Working With Computers, Constructing A Developing Country: Introducing, Using, Building, And Tinkering With Computers In Cold War Taiwan, 1959-1984

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This dissertation uses a developing country's appropriation of mainframe computers, minicomputers, and microcomputers as a lens for understanding the historical relationships between the digital electronic computing technology, the development discourse underlying the Cold War, and the international exchanges of scientific and technological expertise in the context of the Cold War. It asks why and how, during the Cold War, Taiwanese scientists, engineers, technocrats, and ordinary users-all in a so-called developing country-introduced digital electronic computing to Taiwan and later built computers there. To answer the why question, I argue that these social groups' perceptions of Taiwan's developmental status shaped their perceptions of the importance of possessing, using, and manufacturing computers. As for the how question, I propose that Taiwanese computer users modeled their practices after the existing successful practices of using mainframe computers and later started to build and tinker with minicomputers and microcomputers. The beginning chapter of this dissertation discusses that a group of Taiwanese engineers, technocrats, and scientists advocated the introduction of 'electronics science' and digital electronic computing from the United States to Taiwan for expanding the industrial sector of Taiwan's economy in the late 1950s. Their efforts resulted in a UN technical-aid program, in which National Chiao-Tung University's (NCTU) professors, students, and technicians worked with two US visiting professors to set up a computing center, equipped with an IBM 650 and an IBM 1620 computer, at the NCTU campus from 1962 to 1964 (chapter 3). Chapter 4 analyzes how, in 1964, a Cornell econometrician relied on NCTU's 1620 computer to form an economicplanning project for a Taiwanese government agency. Chapter 5 discusses a project in which a NCTU graduate program planned to build a minicomputer from scratch from 1968 to 1971, despite being able to buy a minicomputer from various US suppliers. Chapter 6 explores two intriguing phenomena that surfaced between 1980 and 1984: why many of Taiwan's computer users preferred to build their own microcomputers and how this preference initiated a series of debates about whether legal institutions allowed Taiwanese companies to make Apple compatibles.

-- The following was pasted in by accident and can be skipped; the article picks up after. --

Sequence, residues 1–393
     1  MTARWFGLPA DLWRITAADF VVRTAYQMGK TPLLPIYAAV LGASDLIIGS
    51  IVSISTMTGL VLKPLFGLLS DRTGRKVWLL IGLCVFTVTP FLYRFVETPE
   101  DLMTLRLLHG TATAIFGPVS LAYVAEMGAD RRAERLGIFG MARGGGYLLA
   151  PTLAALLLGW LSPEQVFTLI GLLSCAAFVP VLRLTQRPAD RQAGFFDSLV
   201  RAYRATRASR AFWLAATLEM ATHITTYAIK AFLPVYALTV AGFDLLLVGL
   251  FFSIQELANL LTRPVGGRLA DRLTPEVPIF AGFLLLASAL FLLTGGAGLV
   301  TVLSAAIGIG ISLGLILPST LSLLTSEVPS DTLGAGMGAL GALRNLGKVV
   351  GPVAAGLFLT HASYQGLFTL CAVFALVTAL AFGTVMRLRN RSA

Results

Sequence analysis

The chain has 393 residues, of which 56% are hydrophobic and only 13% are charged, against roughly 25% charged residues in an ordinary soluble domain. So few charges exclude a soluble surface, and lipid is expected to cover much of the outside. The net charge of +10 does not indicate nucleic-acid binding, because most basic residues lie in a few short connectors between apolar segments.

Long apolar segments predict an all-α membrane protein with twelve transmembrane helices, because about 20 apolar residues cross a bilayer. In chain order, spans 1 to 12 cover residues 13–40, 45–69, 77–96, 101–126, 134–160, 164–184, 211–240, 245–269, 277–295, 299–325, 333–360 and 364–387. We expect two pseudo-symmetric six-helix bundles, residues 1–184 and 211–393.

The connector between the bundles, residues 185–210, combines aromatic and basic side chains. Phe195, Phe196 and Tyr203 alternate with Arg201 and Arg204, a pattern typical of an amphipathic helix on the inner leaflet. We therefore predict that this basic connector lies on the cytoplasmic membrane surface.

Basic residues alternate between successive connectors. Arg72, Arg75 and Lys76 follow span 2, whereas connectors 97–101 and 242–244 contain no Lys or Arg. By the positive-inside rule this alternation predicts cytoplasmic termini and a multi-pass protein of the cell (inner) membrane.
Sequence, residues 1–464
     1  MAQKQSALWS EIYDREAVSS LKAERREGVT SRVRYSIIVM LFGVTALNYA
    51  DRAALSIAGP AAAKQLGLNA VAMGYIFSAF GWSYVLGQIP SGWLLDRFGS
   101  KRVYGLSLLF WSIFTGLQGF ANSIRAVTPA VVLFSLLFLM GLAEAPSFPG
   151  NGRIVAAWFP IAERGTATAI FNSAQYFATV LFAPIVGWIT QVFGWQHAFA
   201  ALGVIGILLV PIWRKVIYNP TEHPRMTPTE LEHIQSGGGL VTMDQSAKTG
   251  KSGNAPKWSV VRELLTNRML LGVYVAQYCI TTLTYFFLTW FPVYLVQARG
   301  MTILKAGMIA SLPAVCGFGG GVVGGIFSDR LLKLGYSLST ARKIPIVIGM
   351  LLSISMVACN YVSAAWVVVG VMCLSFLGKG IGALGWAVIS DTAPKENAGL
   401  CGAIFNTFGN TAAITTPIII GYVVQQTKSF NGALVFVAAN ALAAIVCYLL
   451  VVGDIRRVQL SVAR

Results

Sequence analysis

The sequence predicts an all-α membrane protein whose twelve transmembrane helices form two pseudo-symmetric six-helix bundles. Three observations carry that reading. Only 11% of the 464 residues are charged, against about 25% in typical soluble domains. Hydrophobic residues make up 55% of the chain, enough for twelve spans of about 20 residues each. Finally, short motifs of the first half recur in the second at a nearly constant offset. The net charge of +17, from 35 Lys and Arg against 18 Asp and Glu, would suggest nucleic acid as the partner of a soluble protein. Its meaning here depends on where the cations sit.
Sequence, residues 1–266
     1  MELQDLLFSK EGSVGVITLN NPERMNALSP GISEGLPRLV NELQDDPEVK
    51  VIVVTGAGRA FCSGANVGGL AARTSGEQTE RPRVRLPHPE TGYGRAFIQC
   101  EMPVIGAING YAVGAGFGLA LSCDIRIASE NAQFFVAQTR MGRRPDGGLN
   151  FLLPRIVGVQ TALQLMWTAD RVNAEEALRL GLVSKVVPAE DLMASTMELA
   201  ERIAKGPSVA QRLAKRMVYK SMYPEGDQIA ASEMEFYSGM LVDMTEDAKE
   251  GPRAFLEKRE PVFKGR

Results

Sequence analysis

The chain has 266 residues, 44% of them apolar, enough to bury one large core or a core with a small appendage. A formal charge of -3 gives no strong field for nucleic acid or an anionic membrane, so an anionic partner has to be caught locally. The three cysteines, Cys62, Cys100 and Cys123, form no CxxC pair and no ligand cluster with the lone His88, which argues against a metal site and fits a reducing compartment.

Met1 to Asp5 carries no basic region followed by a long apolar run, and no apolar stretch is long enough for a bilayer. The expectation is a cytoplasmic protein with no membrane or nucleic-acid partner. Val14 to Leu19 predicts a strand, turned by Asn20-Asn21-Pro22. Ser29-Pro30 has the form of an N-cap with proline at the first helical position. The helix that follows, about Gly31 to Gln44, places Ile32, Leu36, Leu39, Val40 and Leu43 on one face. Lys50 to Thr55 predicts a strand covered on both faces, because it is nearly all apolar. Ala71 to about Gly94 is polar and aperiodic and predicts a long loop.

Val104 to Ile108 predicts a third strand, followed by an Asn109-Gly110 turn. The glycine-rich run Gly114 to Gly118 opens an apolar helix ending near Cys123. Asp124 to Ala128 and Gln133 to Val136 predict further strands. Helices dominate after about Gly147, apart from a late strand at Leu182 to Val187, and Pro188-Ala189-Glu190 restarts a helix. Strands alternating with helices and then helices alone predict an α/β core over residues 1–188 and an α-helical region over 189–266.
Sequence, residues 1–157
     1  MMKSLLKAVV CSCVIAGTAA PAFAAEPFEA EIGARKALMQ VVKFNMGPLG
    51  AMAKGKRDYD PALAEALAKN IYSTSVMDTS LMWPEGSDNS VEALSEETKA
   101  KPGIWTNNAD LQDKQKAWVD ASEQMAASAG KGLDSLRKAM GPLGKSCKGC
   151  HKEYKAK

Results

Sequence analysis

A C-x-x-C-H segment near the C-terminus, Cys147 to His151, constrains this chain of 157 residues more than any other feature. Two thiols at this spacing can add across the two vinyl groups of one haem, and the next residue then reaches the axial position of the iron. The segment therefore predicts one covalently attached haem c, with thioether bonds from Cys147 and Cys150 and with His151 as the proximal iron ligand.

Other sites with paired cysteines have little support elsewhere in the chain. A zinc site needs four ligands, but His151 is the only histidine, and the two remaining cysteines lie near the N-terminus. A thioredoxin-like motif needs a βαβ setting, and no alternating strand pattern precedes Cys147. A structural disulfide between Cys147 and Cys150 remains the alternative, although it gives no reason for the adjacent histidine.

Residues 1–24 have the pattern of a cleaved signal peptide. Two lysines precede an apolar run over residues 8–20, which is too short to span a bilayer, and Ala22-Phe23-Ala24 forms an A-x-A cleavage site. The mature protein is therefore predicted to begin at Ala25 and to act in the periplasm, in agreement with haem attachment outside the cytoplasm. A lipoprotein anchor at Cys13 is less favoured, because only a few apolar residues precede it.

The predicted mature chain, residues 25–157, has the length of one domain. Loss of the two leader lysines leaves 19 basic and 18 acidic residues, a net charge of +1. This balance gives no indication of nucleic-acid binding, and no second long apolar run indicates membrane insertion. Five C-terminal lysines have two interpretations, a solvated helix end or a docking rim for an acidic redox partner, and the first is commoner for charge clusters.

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Development discourse; Digital electronic computing; Taiwan


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Kline, Ronald R

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Pinch, Trevor J
Seth, Suman

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Science and Technology Studies

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Ph. D., Science and Technology Studies

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Doctor of Philosophy

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dissertation or thesis

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